NewsQuirks 335

A Journalist to the End In Belgrade, Mont., Glenn Sorlie, editor of the High Country Independent Press, died of a staph infection on a Tuesday. His widow waited until Thursday to report the death so that his weekly paper could publish his obituary before the Bozeman Daily Chronicle. She explained, "He wouldn't want to get scooped on his own death."Salesman with a Bang Authorities in Rogers, Ark., charged Johnny Lee Nichols, 25, with going door-to-door trying to trade dynamite for sex or drugs. They found 5-1/2 sticks of Dyno-Omnimax in his car.Trash into Cash Craig Randall, 23, a garbage truck driver from East Bridgewater, Mass, plucked a Wendy's contest cup off a pile of trash after noticing it still had a contest sticker. He pulled the sticker off hoping to win some french fries to go with the free sandwich he won the week before. Instead he won $200,000. Egypt's women garbage collectors have begun making extra money by sorting through the mountains of garbage dumped daily by Cairo's 10 million people, picking out cloth to turn into trendy fashion accessories. Rugs and quilts made by members of the Zabaleen project in a building surrounded by rivers of raw sewage adorn the city's most photographed and fashionable houses. "True," project founder Layla Kamel said, "they go home a few hours later and put their hands in filth, but they're also getting a whole new outlook on life."Don't Lose Your Head After getting into a fight at a sports bar in San Diego, Michael Burrows, 45, needed surgery to reattach his ear, which an Oakland Raiders fan bit off and spit back in Burrows's face.Curses, Foiled Again After stealing money from coin-operated washing machines in an apartment building in Elizabeth, N.J., at 4 a.m., the thief decided to tip over the machines, breaking the water pipes connected to them and spraying water all over. The sound of the machines hitting the floor and the running water awoke the building superintendent, who spotted the thief running away and called police. Assistant prosecutor Peter McCord told a grand jury in August that police arrested Robert Brown, 30, moments later, because he was "dripping wet." He was also carrying 63 quarters. In Chillicothe, Ohio, Vernon Viney, 21, visited his ex-wife's house to videotape their child. According to police, he also unwittingly recorded himself slapping and threatening to kill the woman. Sean Jackson, 29, robbed a bank in El Cerrito, Calif., then collapsed and died in front of terrified tellers, apparently of a heart condition. Police found a car in the bank parking lot with the keys in the ignition and the motor running. Inside was a television set and a fanny pack with identification belonging to Richard Chenier, 35, whose body police had found earlier on his living room floor. They speculated that Jackson killed Chenier, burglarized his home and stole his car before attempting the heist. "This whole thing has been a weird case," Detective Dennis Danielson said. "This guy went through a crime rampage for 24 hours, and then God said, 'You're outta here,' and had him taken off this Earth." Two escapees from a Utah state prison were arrested after being questioned by campus police at the University of California at Berkeley. Anthony Scott Bailey, 27, and Eric Neil Fischbeck, 21, aroused suspicion by saying they were from "Frisco," a nickname for San Francisco that tourists use but residents avoid. When one provided two different spellings for his purported last name, officers took them in and discovered they were fugitives. Noting they were four months away from parole but now face up to 15 more years for escape, Utah corrections spokesperson Jack Ford said, "Anybody who escapes with that little time left can't be very smart."Missing the Point Iranian Deputy Education Minister Hossein Herati assured critics of new classes on family planning for female high school students that they will not discuss sex. Instead, he said, the classes will deal only with the problems caused by the population increase.False Alarm Some 1,500 people gathered at an airfield in northern Bulgaria in September, awaiting the arrival of eight alien space ships. Three local women -- Radka Trifonova, Zdravka Krumova and Ekaterina Nikiforova -- declared that the aliens would help the poor Balkan country pay its $12.9 billion foreign debt. According to police Maj. Stoyan Marinov, when the space ships failed to appear at the scheduled time, the self-styled mediums told the crowd that warplanes flying in the region were scaring off the aliens. After an hour had passed, they announced the aliens weren't coming because President Zhelyu Zhelev had declined to meet with them. Police had to usher the women away from the angry crowd.Making Crime Pay So many Italian mobsters have agreed to testify against their former associates in return for protection and regular income from the government that they are becoming a drain on public spending. The government announced it is taking steps to find the "pentiti," or repenters, regular jobs.Misguided Missiles After a family in Level Plains, Ala., reported hearing a loud crash and finding a small rocket lodged in the roof of their storage shed, police Lt. Ralph Reed described the object as a live, 18-inch-long missile, prompting the evacuation of nearby homes. A bomb squad summoned from Fort Benning, Ga., investigated and concluded the projectile was a "hobby rocket" that posed no danger. An army anti-aircraft unit near Cherepovets, Russia, put an ad in the local paper offering decommissioned missiles for sale. The unit is no longer able to guard the weapons and fears they could be stolen. The ad suggested that the missiles, selling for 800,000 rubles ($180) with their fuel and ammunition replaced by sand, would make good scarecrows for gardens.Compiled by Roland Sweet from the nation's press. Send clippings, citing source and date, to POB 8130, Alexandria VA 22306.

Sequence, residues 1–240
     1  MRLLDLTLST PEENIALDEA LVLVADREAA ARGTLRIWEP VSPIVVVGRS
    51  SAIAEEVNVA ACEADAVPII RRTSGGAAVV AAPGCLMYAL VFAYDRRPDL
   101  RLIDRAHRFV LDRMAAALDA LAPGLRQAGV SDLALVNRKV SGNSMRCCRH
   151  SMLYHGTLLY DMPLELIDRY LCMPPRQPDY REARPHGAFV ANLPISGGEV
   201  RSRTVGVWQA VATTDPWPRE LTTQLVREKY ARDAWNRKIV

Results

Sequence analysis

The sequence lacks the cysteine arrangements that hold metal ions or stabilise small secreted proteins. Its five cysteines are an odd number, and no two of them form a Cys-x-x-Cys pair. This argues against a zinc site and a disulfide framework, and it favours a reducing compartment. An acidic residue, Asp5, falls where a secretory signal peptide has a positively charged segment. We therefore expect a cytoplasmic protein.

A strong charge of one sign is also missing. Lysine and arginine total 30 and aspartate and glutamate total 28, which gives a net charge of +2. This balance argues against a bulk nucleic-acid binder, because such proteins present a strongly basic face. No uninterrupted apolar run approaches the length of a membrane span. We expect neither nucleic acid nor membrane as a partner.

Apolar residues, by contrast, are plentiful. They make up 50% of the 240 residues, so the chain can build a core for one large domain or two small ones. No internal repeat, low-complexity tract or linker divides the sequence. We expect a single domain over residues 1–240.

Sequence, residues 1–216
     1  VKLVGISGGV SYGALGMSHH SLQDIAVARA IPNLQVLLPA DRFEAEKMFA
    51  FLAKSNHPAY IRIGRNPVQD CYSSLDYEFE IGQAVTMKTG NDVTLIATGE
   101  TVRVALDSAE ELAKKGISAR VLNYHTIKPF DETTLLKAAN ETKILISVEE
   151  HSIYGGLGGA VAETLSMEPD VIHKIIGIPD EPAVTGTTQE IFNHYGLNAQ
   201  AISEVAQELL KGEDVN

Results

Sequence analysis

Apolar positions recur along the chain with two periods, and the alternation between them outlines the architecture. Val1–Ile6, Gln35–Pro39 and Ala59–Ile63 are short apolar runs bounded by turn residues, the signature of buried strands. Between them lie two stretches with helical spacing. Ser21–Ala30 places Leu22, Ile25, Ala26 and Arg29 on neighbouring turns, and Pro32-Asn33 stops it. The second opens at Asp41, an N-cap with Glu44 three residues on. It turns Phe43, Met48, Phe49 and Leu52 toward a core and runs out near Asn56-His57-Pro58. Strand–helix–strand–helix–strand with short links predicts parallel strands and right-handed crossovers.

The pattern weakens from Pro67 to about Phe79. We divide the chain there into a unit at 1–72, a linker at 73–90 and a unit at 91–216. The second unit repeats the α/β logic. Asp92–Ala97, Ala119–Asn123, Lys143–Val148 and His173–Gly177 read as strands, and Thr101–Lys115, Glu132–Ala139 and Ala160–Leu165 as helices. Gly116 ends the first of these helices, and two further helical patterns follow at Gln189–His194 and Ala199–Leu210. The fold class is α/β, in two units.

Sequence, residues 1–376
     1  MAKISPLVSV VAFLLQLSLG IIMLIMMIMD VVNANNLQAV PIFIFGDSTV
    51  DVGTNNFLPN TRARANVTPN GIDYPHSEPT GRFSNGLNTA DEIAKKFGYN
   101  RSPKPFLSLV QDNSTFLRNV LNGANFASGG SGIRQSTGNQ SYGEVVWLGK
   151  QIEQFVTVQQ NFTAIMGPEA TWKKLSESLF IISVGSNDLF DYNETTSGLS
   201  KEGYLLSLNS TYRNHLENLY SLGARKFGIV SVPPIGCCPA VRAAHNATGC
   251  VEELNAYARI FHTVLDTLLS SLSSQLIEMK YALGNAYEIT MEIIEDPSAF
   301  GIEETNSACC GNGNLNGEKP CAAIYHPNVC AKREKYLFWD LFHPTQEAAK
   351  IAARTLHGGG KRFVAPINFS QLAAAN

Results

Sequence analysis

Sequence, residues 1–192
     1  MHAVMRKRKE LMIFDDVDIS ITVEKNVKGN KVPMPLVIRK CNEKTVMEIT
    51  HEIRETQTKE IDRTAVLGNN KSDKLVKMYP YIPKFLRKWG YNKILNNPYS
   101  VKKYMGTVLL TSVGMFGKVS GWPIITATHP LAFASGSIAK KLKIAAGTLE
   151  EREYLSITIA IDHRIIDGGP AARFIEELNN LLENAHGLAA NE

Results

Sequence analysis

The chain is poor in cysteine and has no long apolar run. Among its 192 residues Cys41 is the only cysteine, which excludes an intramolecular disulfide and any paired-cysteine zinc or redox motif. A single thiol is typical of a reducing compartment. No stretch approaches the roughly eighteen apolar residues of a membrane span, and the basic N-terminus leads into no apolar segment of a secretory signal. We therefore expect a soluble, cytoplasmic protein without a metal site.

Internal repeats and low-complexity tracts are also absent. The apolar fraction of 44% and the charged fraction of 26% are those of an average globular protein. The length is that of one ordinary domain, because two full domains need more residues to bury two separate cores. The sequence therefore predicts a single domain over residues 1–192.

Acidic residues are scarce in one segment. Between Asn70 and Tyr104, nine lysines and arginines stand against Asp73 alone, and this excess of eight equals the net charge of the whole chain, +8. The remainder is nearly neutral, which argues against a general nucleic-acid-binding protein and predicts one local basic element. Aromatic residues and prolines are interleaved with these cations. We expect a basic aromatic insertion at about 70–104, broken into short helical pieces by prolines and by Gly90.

Enjoy this piece?

… then let us make a small request. AlterNet’s journalists work tirelessly to counter the traditional corporate media narrative. We’re here seven days a week, 365 days a year. And we’re proud to say that we’ve been bringing you the real, unfiltered news for 20 years—longer than any other progressive news site on the Internet.

It’s through the generosity of our supporters that we’re able to share with you all the underreported news you need to know. Independent journalism is increasingly imperiled; ads alone can’t pay our bills. AlterNet counts on readers like you to support our coverage. Did you enjoy content from David Cay Johnston, Common Dreams, Raw Story and Robert Reich? Opinion from Salon and Jim Hightower? Analysis by The Conversation? Then join the hundreds of readers who have supported AlterNet this year.

Every reader contribution, whatever the amount, makes a tremendous difference. Help ensure AlterNet remains independent long into the future. Support progressive journalism with a one-time contribution to AlterNet, or click here to become a subscriber. Thank you. Click here to donate by check.

alternet logo

Tough Times

Demand honest news. Help support AlterNet and our mission to keep you informed during this crisis.